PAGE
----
2. Service was quite spotty back when the transition was first made to a la carte (a huge adjustment for the kitchen and the wait staff) but is now back up to normal
3. The Chef's tasting menu is now structured in the following way: appetizer, fish course, champagne shot, meat course, cheese cart, dessert cart.
4. Here are the more "casual" elements of the new Le Bec: tapered candles have been replaced with tea candles, the full-set of silverware is no longer pre-set at the table when you first sit down, the number of wines available by the bottle under $50 is increasing (a work in progress), jackets are no longer required in the main dining room (although the majority of guests still wear them anyway)
5. The valets are still slow but this isn't the restaurant's fault because the City forces all of the restaurants on Walnut Street to use the same company; I don't know how crowded the restaurant will be this weekend. If it's busy, ask your waiter to summon the valet when you are starting your dessert course so you don't have to wait for the valet when you are done with your meal.
6. Don't forget that there is a bathroom immediately to the right of the hostess stand (as you exit the main dining room); you don't have to go all the way downstairs through the bar to use the restroom
7. There was a lot of recent turnover in the staff that coincided with the transition to a la carte; many of the staff are quite young now. As a result, the service isn't quite as wordly and polished as it was when the all-star captains like John Gates and Ron Mendoza were at Le Bec (15 years and 12 years respectively), but it has vastly improved. I would rate the service as at around 85% to 90% of where it was at its peak.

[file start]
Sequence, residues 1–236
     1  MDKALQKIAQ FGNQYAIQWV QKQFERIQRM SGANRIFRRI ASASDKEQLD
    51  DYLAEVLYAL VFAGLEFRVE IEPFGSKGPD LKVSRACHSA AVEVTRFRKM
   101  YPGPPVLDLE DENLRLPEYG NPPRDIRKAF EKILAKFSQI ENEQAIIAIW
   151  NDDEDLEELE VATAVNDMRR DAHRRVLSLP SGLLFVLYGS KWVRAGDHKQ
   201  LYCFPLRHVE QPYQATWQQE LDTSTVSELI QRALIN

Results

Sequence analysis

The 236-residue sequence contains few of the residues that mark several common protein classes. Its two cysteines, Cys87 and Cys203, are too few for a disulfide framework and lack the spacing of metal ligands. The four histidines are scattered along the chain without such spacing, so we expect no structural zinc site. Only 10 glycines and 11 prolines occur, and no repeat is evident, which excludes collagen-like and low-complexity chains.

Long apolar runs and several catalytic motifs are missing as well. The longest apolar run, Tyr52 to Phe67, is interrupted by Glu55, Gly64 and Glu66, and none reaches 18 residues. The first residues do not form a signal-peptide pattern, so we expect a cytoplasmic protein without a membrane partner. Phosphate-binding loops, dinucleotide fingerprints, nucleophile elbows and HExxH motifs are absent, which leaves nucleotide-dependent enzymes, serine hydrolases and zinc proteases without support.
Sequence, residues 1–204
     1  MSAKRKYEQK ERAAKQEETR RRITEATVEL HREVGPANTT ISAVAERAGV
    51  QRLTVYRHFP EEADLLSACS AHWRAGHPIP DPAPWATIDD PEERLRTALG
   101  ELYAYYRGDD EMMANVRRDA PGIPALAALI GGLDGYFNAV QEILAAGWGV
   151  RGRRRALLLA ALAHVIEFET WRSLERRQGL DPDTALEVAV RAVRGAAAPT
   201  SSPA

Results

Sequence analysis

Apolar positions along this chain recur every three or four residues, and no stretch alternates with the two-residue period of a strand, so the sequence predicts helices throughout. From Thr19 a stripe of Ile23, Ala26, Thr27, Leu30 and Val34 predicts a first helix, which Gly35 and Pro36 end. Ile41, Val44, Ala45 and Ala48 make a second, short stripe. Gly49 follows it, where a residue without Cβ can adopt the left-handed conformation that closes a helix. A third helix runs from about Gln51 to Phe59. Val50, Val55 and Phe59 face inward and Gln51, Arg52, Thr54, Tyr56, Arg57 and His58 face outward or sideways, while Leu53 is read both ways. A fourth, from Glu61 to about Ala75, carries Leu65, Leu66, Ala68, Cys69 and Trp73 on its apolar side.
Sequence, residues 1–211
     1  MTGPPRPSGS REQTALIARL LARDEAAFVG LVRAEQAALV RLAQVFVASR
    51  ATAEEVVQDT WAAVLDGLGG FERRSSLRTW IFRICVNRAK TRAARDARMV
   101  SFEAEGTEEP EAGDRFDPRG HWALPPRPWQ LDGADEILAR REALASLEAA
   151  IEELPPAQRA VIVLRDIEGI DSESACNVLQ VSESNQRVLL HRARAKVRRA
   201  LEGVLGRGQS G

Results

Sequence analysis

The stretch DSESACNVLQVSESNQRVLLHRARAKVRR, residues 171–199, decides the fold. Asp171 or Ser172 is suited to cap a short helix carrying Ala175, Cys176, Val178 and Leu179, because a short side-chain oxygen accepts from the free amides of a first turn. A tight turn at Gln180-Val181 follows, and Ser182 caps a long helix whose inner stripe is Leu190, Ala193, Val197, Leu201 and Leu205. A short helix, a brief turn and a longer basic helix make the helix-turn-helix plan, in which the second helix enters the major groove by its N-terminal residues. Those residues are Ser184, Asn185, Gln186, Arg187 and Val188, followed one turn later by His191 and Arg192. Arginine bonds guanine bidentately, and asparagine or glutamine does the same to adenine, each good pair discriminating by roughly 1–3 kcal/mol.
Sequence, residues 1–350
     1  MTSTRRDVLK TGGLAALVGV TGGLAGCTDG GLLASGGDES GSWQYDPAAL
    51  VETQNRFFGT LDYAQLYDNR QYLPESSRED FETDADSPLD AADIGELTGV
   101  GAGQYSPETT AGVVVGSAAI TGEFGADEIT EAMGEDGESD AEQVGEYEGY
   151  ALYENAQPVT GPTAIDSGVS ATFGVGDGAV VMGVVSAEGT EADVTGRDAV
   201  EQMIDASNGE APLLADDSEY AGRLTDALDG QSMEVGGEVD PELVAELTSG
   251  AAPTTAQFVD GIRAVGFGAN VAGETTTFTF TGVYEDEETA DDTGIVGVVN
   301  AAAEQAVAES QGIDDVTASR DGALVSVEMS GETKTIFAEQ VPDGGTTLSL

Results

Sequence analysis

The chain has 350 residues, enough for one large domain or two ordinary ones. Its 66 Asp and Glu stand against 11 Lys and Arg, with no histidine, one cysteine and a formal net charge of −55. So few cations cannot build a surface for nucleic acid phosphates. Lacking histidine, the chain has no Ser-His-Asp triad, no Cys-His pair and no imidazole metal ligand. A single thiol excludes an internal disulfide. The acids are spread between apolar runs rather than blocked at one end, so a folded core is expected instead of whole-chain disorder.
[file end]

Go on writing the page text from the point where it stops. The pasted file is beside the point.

8. Don't forget that they only bring you your check when you specifically ask for it; this aspect of European service annoys many people used to American style service but it's not a form of "neglect" or forgetfulness
9. Customers are still waited on by teams of waiters so you will not necessarily have the same person, other than the sommelier and your captain, throughout the meal
10. If you order a bottle of wine, I recommend asking for Brian McMahon or Michael Franco for assistance.